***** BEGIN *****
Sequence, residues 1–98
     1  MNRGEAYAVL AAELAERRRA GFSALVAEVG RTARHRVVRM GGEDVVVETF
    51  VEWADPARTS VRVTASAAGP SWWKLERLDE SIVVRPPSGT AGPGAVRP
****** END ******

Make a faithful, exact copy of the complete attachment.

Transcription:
Sequence, residues 1–98
     1  MNRGEAYAVL AAELAERRRA GFSALVAEVG RTARHRVVRM GGEDVVVETF
    51  VEWADPARTS VRVTASAAGP SWWKLERLDE SIVVRPPSGT AGPGAVRP